Today we are showing our support for the essential yet often underappreciated work of Rangers across the world. This day is marked by the International Rangers Ferderation to commemorate rangers killed or injured in the line of duty protecting the planet’s natural treasures and cultural assets. Rangers act as the first line of defence in protecing these sources of biodiversity and heritage from destruction and degradation on the ground where it matters most and many pay the ultimate price with their lives. Without these guardians of the natural world we’d lose our eyes and ears to what is happening within wild areas day to day. It would also mean giving up the fight against poachers and bad actors who would otherwise destroy these precious reserves.
Rangers are dedicated persons of diverse gender, race and cultures, who play a critical role in conservation; they are responsible for safeguarding nature, and cultural and historical heritage, and protecting the rights and well-being of present and future generations. There is no one universal title or job description – we are Rangers, Conservation Officers, Game Wardens, and more.
Please also read: Get to know more about Rangers and join the discussion
Dangerous and difficult work
In the 11-month period since World Ranger day 2020, 120 rangers have lost their lives in the line of duty, the number one cause due to homicide which accounts for 44% of deaths. This year has been particularly bad due to the pandemic which tragically took a further 500 Rangers lives. On top of this, 1 in 4 Rangers lost their jobs due to the virus. Unfortunately, the conditions they work under can often be more difficult than one might expect. A 2019 Front Line Report found that over 50% of Rangers don’t have access to clean drinking water and medical treatment when and where required and are often underfunded and understaffed. Alarmingly, despite the obvious hazards and shortcomings mentioned, a large majority lack insurance in case of injury or death.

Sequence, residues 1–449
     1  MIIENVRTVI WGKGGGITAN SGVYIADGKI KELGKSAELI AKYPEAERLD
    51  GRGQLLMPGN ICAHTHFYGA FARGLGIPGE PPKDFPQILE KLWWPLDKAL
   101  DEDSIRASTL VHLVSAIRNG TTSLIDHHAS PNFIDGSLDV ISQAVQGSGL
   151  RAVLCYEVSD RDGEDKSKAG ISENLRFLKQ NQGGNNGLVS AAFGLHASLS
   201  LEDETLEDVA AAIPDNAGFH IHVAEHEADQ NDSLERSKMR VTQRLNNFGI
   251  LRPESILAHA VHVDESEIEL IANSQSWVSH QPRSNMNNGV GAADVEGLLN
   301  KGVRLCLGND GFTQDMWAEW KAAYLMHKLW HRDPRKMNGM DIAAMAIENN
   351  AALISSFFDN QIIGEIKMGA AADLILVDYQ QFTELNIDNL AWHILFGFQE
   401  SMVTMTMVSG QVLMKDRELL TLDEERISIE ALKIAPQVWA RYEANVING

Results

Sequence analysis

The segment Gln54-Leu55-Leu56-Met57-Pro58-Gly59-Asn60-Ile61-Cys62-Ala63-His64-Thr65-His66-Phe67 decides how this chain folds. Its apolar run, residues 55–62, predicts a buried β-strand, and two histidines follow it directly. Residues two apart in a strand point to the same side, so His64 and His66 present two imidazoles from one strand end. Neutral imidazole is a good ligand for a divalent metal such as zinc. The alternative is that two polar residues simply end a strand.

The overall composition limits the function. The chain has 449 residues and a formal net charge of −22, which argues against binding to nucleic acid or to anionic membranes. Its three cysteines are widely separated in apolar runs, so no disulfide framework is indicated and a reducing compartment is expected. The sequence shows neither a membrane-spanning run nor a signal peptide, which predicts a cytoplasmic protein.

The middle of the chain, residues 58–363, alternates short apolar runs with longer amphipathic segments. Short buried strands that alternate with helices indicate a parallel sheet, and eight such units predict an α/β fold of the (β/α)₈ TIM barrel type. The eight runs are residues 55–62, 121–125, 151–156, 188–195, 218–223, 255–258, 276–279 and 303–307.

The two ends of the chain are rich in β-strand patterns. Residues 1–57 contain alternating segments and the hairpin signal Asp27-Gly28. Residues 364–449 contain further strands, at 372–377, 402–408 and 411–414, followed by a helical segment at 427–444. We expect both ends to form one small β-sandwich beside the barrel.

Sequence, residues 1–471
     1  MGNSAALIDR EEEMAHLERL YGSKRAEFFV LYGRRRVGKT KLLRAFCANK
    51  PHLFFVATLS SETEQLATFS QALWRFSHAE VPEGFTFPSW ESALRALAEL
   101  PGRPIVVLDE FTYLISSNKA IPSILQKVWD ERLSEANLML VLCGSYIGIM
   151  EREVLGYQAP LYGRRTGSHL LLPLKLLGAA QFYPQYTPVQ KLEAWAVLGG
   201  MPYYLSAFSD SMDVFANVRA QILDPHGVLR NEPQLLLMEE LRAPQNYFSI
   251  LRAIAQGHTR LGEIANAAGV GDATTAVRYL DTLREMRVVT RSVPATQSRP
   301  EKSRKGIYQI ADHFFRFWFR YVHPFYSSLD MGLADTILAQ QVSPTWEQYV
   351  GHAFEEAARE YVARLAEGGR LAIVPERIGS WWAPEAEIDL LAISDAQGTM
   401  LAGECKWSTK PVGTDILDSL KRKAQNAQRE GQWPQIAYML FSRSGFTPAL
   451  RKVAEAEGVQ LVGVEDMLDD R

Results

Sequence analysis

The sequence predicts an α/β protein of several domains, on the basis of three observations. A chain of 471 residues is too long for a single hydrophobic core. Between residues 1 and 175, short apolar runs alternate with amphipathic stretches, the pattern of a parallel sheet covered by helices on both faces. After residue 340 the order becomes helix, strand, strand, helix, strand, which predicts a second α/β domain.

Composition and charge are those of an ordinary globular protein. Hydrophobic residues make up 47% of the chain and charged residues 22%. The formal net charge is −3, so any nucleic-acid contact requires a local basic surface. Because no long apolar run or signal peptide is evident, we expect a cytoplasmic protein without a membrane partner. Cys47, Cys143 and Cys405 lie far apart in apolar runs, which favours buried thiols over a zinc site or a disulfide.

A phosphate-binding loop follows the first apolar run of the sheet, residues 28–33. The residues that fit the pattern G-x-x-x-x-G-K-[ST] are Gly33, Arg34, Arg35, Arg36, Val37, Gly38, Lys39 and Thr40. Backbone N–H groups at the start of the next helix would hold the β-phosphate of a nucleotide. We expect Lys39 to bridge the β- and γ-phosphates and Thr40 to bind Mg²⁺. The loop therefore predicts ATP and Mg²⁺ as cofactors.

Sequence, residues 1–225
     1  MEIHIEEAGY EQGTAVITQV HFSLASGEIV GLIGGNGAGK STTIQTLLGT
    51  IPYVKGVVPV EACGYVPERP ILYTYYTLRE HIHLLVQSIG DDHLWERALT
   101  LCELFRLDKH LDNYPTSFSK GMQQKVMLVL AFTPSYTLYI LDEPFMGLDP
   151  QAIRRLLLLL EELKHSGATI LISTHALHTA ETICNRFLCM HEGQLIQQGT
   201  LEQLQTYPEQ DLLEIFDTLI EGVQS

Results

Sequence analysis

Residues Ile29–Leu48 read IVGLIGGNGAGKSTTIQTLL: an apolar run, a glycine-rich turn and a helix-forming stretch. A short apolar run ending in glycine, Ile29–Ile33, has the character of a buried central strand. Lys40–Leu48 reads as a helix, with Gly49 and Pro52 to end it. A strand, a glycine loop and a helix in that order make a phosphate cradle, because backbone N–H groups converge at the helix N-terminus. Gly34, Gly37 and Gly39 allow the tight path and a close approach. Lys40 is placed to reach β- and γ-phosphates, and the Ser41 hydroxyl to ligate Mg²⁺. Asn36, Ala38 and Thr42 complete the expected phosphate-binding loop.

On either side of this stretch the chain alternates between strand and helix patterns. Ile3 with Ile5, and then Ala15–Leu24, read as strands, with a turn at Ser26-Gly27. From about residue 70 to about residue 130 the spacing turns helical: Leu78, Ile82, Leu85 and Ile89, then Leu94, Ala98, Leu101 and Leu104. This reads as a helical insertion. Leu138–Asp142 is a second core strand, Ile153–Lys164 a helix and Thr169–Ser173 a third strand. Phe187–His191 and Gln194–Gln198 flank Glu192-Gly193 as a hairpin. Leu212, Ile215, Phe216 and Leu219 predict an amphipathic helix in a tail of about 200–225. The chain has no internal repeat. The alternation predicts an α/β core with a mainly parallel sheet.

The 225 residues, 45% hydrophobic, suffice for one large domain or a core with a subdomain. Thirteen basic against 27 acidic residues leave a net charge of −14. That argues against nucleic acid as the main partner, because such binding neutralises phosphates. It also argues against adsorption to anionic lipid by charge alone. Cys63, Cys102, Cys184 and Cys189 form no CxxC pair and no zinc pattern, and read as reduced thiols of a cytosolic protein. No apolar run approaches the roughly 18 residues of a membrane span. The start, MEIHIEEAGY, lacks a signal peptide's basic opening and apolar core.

“Rangers are planetary health workers, striving to conserve and protect the world’s resources, habitats, wildlife and communities; surely basic necessities and fundamental day-to-day requirements expected in any other profession are the least they deserve,”
Greater support for Ranger Safety and Well-being
Due to this reality, the International Ranger Federation has set this years theme as, ‘Safety and Well-being’. They are calling upon governments around the world and other conservation employers to review working conditions, provide adequate funding, and pass relevant policy interventions to improve Ranger safety and welfare. To help show your support for these key workers and spread this message they have put together a toolkit here with further information, banners and messaging to promote on social media. Re:wild have also put together a short five part video series together detailing the roles of a Ranger and what they deal with which is fascinating.
Towards gender equality
This year the IRF are also going a step further. Researcher for the International Ranger Federation and the Universal Ranger Support Alliance, Dr Joni Seager, has opened critical new perspectives analysis of the challenges and opportunities for bringing gender equality into ranger workforces. Scientific evidence confirms that bringing gender balance into the ranger workforce is beneficial to conservation, sustainability, and wildlife management. In general, bringing a diversity of views and skills improves all fields of work. Women and men have diverse knowledge and priorities when it comes to conservation. Therefore, balancing the ranger workforce will help realise larger conservation goals.